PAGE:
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Dixie Motel & Emporia Travel Center - Emporia, Virginia

All along Interstate 95 in the South, there are interchanges where the services (food, gas, and lodging) haven't kept up with the times.  Some of these old comfort stops dated to before the Interstate or opened when the new highway came through.  

The former Emporia Travel Center

Long before Buc-ee's, small independent travel centers that mixed a gas station/truck stop, restaurant, and sometimes a motel lined the Interstate.  Just north of Emporia, a long-gone complex consisting of a truck stop, restaurant, and motel greeted travelers as they exited off I-95.

In the late 1950s, Virginia built a US 301 bypass west of Emporia that would become Interstate 95.  When the road opened in 1959, a small restaurant sat where the newly opened bypass tied back into Highway 301 - today's Exit 12.  By 1968, a truck stop and motel had been built next to it.

By early 2011, the Dixie Motel had long been overrun - its days were numbered.  The old motel was torn down a few weeks later.

The motel was the Dixie Motel, a two-building motor court operating immediately south of the restaurant.  The truck stop was known as the Emporia Travel Plaza.

Interstate 95 dumped northbound traffic here until 1982 - when Virginia's final piece of the Maine-to-Florida highway was completed.

About the only thing of value at the Dixie Motel was this old neon sign.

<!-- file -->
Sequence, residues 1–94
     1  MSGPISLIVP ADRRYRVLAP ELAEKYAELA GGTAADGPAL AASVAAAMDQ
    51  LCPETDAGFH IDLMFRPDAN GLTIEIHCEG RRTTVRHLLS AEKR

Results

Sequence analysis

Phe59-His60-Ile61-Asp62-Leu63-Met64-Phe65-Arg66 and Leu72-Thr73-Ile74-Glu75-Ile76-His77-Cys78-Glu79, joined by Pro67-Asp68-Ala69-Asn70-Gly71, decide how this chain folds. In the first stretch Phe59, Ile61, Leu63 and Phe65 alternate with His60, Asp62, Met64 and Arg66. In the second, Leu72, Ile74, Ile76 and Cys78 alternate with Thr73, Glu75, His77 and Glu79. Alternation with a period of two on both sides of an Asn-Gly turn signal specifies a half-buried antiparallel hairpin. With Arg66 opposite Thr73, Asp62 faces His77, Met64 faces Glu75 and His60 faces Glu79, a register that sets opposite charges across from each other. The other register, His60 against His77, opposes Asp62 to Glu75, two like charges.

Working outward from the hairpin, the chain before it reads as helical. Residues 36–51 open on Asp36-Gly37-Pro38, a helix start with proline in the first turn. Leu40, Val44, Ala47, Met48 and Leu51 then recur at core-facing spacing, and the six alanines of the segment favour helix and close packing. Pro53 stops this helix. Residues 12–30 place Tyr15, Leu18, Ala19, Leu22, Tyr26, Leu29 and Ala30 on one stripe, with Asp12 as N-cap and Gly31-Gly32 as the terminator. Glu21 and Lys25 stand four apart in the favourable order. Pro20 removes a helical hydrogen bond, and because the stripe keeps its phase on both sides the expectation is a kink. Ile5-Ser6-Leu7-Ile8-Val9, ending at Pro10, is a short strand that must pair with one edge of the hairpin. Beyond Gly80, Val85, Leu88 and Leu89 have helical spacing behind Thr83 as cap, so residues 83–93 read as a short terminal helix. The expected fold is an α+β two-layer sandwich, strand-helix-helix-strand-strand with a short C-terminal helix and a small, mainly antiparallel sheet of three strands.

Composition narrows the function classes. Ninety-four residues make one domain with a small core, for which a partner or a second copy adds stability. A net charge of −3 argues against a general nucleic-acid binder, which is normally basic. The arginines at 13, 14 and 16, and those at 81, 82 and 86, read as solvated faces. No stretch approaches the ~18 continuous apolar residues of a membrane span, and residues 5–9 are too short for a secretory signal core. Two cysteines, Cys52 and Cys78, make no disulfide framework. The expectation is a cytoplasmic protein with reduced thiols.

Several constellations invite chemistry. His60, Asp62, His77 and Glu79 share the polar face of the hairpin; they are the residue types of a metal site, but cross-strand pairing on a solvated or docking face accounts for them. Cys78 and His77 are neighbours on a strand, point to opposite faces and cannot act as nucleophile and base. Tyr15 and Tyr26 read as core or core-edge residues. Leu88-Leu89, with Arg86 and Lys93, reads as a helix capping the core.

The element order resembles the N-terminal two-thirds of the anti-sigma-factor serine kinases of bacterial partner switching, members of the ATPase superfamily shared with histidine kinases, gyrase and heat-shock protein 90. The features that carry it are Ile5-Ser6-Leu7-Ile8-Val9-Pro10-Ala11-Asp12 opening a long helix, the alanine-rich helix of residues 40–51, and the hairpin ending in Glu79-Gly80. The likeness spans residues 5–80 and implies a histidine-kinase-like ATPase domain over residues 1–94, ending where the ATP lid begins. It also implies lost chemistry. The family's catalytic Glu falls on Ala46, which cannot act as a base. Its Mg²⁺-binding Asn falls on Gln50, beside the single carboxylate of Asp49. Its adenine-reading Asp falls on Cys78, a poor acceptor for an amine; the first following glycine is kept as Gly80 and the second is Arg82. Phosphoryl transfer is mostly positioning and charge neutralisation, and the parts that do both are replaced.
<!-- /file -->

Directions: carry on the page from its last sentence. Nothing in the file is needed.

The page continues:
The Dixie seemed to be thrown together quickly with thin walls and basic amenities and was often a stop of last resort for weary long-distance travelers.  Stories of the motel from 1987 and as far back as 1977 describe the Dixie as the "Psycho Motel," a reference to the Alfred Hitchcock classic.

By the late 1990s, one of the two buildings of the Dixie had already fallen in disrepair, and it appears abandoned as late as 2007.

If correct, the Emporia Travel Plaza may have closed as early as 1996.

The Emporia Travel Plaza appears to have been a glorified truck stop, with ample space allowed for parking around both the travel plaza and the restaurant. The Emporia Travel Plaza could have been closed as early as 1996, as an old tobacco purchase sticker read that you had to be born on this date in 1978 to be 18.  Regular unleaded gas was frozen on old analog pumps at $1.279, and a pack of Salem cigarettes sold for $1.92.

Aerial photos don't show much activity at the Travel Plaza in the 2000s, so 1996 could be correct.

The restaurant (last called Carol's Diner) was the first business at the north end of the Emporia Bypass.  It was also most likely the last one to have been open.

The restaurant may have lasted the longest.  It was last known as Carol's Diner - and a sign advertising 'Pit-Cooked Barbecue' stood over the remnants of two old neon signs that read 'Restaurant.'

When we visited this site in February 2011, we didn't know that all of the buildings of the former Emporia Travel Center were about to meet their demise. By the Summer of 2011, the remnants of the Dixie Motel were gone, and the old restaurant and Emporia Travel Plaza were not far behind.  Currently, a construction company occupies the grounds of all three businesses.

Did you spend a night at the infamous Dixie Motel? Do you have other items on the old travel plaza and restaurant? If so, leave a comment below or shoot me an e-mail.

All photos taken by post author - February 26, 2011.

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